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16 Must-Follow FaceBook Pages for Trade Show Exhibitors and Marketers

You can find everything for your next trade show experience online on a FaceBook page. If you have a business and need to showcase your products, make connections and find distribution you can get notices on events in exotic locations or close to home. Or you can get the 411 on how to put on your own trade shows to bring opportunities for local companies to your area. For all of the information you need on fabulous trade show events and companies here are 16 must-follow pages focusing on various aspects for exhibitors and marketers.

Trade Show Marketing

This is a great site to find tips and hints for making the most out of your trade show experience.

Bahama Trade Shows

We all need a vacation now and then. Why not make going to trade shows a way to mix business with pleasure? This site features trade shows in the sunny and luxurious Bahamas. So, pack the bikini and get ready to hit the beach in between business networking at the shows.

Internet Trade Shows

Want to make business connections without ever leaving the house? That’s my style. For internet entrepreneurs, this FaceBook page that showcases Internet Trade Shows is a great page to bookmark.

Dazzle Me Trade Shows

If hosting trade shows is your forte, sites like Dazzle Me Trade Shows are helpful contacts to have. This is one of the pages hosted by companies that can help you put together your next great event.

ASDT Trade Shows

ASDT is an actual trade show for anyone with products or services to promote. It hosts its event in the exciting city of Las Vegas, Nevada. Keep up with all of the information to prepare to visit this high-powered show.

Women’s Trade Shows

Okay, us girls have to stick together and this blog is a great place to start. Focusing on trade shows that feature feminine products and companies owned by women, it gives the ladies an edge on business connections.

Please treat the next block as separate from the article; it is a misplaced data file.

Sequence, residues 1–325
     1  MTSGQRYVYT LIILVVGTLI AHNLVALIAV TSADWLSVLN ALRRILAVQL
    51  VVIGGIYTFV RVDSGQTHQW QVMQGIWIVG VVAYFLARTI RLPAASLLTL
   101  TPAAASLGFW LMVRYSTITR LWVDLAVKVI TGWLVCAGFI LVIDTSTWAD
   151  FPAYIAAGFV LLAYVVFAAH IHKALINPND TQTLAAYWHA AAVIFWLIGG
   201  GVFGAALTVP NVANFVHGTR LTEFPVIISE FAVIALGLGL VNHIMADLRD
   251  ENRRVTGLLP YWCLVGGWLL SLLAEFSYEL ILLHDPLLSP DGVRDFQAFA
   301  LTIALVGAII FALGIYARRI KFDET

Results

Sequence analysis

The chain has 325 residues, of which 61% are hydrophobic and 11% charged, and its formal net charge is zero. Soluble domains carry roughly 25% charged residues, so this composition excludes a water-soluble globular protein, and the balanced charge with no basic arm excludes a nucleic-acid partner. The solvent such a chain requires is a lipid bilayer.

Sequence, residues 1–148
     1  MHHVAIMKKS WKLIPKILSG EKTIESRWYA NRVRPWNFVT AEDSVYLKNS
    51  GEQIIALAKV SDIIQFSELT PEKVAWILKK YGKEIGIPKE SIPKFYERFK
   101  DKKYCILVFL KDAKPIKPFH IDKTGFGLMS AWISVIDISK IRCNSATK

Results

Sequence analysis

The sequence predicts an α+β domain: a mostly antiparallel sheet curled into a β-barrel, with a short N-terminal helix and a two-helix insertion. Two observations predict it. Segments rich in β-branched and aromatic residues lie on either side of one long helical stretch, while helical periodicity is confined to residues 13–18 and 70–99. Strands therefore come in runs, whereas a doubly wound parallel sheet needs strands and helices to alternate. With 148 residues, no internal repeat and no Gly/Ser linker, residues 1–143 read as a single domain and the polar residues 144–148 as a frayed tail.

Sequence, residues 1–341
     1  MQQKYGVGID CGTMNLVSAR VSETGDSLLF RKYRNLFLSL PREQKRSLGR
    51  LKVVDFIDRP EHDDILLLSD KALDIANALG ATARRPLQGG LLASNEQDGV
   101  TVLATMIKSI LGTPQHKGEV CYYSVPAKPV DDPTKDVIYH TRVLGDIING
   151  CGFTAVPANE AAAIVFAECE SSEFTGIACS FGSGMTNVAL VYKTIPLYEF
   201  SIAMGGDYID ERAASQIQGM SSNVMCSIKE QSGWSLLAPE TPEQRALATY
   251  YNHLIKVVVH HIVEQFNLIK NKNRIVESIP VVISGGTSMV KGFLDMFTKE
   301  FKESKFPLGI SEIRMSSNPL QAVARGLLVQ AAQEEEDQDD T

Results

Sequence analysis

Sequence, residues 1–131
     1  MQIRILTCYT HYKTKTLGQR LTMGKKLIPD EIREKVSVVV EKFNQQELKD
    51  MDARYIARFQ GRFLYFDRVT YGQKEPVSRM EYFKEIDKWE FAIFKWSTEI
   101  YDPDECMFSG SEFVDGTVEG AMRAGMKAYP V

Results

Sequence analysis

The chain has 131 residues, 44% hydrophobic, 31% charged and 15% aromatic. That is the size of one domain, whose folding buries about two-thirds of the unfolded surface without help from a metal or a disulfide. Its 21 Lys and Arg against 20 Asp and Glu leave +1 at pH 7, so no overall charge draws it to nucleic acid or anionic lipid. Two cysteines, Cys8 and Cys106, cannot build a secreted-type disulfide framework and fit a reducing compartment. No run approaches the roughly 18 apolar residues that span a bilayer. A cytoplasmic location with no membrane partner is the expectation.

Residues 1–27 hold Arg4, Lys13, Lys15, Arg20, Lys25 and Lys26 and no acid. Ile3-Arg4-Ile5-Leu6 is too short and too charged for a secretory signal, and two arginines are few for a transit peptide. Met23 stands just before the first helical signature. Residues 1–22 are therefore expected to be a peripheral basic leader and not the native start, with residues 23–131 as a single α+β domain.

Silver Spur Trade Shows

Silver Spur Trade Shows is another company that can help you host your own show. They have a lot of experience to put into making your trade show fabulous.

Parker Trade Shows

Parker Trade Shows is great for anyone with jewelry and accessories to sell. They host four events per year in Texas.

Star Trade Shows

Star Trade Shows is an all around event planner. A large scale trade show promoter can help you in so many ways. They do all the hard work, so all you have to do is enjoy the spectacle.

O’Loughlin Trade Shows

This is another great trade show promotion company that can put together an event for your company. They even have an app for that! Download their app to keep up with their events and plan trips to various events.

TradeKey Trade Shows

You have to friend this page to find the information on various worldwide trade shows all over the world. It’s worth it if you like to travel and want to visit exotic locations while showing off your business.

Trade Shows, Events and Markets in Alberta

Okay, here you go. This is another great site to find trade shows and take a vacation at the same time. Visit one of the many Alberta, Canada trade shows to showcase your business and take in the amazing culture and beauty of Canada. It may share a border with us, but Canada is a whole different world.

Midwest Apparel Trade Shows

If you live in the Midwest like I do, and want to find trade shows for clothing and apparel distribution that are close to home, check out the Midwest Apparel Trade Shows.

Trade Shows Alerts and News

The name says it all. This is a page set up to get you up-to-the-minute information on the latest news on the trade show industry.

Asia Trade Shows

It’s hard to argue that Asia has the stranglehold on tech and manufacturing. If you want to travel, get the latest info on trade shows in this power location right here on their FaceBook page.

Trade Show Emporium

Get your stuff together and have a great presentation for your next trade show by visiting pages like the Trade Show Emporium on FaceBook where you can find information on the shows they attend as well as get banners and signage for your booths.

5 Clichés About Trade Show Booths You Should Avoid